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Poor tax planning assists Government

Millions of Australians are giving away money to someone who doesn't need it and really wouldn't appreciate the wonderful gesture. The ingrate in question is the federal Treasurer Peter Costello.
To be fair, and generally I don't practice niceties to politicians, particularly treasurers, Pete's 'crime' is really only a case of him being an accessory after the fact. In most cases, we are both the victim and the criminal.
The sources of the crime is procrastination, lack of knowledge and/or simply a lack of energy to go looking for tax help to ensure we pay the lowest possible tax. The late Kerry Packer once pondered why anyone would willingly pay more tax than they were legally bound to? And it remains a good question.
I recently asked a Sydney audience to put their hand up if they pay tax and all hands went up. (I suggested if they didn't, they might like to lie to avoid being talked about!)
I then asked then to keep their hand up if they liked paying the tax they were paying. All hands went down.
Finally, I asked who had sought out a tax expert who actually had thought through their very special circumstances. The hands told me about 10 per cent.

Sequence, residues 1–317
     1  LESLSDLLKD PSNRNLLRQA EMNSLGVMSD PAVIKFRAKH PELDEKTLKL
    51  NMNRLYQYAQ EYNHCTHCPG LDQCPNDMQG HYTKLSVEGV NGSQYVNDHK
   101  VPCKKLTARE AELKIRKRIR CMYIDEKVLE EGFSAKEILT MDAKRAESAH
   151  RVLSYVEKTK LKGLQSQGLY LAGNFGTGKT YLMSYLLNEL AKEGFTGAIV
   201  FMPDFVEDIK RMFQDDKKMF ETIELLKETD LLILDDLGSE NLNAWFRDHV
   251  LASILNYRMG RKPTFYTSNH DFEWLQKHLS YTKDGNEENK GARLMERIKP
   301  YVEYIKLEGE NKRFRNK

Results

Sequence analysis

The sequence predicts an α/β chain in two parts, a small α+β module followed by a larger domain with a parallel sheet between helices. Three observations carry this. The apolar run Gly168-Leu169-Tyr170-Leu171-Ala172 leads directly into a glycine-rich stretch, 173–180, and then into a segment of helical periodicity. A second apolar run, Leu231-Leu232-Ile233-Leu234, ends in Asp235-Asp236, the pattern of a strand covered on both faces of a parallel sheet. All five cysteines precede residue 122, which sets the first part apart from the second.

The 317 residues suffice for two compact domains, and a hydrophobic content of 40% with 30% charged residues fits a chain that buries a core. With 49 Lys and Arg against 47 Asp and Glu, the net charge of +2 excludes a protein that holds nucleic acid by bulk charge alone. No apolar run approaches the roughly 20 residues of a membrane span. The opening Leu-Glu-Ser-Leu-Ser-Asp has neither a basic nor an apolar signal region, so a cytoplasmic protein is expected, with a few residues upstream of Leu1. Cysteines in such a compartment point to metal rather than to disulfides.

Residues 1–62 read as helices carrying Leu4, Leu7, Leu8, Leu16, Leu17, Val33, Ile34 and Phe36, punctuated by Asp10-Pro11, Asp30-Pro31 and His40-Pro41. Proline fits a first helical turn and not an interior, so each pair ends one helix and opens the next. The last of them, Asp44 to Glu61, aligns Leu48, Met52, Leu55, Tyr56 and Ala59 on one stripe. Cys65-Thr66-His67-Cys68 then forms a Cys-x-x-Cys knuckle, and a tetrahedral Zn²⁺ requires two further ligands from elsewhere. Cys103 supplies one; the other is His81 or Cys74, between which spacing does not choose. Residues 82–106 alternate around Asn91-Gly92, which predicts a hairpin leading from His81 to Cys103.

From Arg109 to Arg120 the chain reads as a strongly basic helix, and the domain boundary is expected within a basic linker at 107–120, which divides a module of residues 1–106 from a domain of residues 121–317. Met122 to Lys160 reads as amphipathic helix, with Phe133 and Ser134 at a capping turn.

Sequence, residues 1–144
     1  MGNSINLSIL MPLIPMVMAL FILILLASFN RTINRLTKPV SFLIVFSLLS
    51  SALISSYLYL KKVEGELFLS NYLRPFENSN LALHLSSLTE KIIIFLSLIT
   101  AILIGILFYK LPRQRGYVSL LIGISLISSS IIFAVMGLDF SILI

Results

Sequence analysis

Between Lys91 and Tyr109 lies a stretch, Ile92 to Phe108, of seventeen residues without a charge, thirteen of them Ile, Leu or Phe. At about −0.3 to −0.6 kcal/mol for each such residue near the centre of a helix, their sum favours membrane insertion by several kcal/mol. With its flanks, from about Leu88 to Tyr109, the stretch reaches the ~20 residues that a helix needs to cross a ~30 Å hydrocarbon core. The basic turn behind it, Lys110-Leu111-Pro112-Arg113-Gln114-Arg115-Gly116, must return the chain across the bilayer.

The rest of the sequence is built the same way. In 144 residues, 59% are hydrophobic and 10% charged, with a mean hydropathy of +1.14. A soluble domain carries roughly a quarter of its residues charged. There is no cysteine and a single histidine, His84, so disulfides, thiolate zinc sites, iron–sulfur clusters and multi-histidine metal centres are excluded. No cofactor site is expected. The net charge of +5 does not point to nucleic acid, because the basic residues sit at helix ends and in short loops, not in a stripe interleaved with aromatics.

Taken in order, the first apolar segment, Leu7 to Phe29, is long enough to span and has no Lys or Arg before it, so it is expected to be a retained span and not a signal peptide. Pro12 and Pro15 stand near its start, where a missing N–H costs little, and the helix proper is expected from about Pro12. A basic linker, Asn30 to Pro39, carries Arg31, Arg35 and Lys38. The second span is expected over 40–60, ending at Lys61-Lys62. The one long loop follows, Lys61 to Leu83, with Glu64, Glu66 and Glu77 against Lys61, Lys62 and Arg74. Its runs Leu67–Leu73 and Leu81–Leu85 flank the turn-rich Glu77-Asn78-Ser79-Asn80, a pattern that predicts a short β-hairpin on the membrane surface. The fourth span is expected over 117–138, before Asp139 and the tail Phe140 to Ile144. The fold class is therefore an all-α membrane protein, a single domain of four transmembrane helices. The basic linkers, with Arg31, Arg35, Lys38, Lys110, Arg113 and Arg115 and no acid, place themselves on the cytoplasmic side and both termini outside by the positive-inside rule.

Having asking these questions to about 20 different audiences, the result usually comes in at about that number, which means 90 per cent of taxpayers are undoubtedly paying too much tax.
And while I believe there are many strategies that can easily reduce your tax bill, be wary of those tax suggestions that seem too good to be true.
Recently, something called a hybrid trust has been put forward by some accountants, which permits, say a high tax husband to borrow to buy an investment property which is held by the hybrid trust.
The trick is that the wife, who is possibly a non-working partner is also a member of the trust and is allocated the income from the investment property.
Think about the implications. The high-tax partner gets a big tax deduction and the low-tax partner receives income taxed at a low rate. Also there possibly is more asset protection from being sued because the property is owned by the trust.
However, Deloitte tax partner, Craig Holland, warned he thinks that this is a "scheme" which the tax office has not taken a close look at, yet.
If it fails its tough tests, those who are using this trust could be in for a rude shock of having to pay back the tax deductions along with a hefty penalty.

The tip is simple - look for tax breaks but don't break the law. 

Published on: Sunday, March 25, 2007

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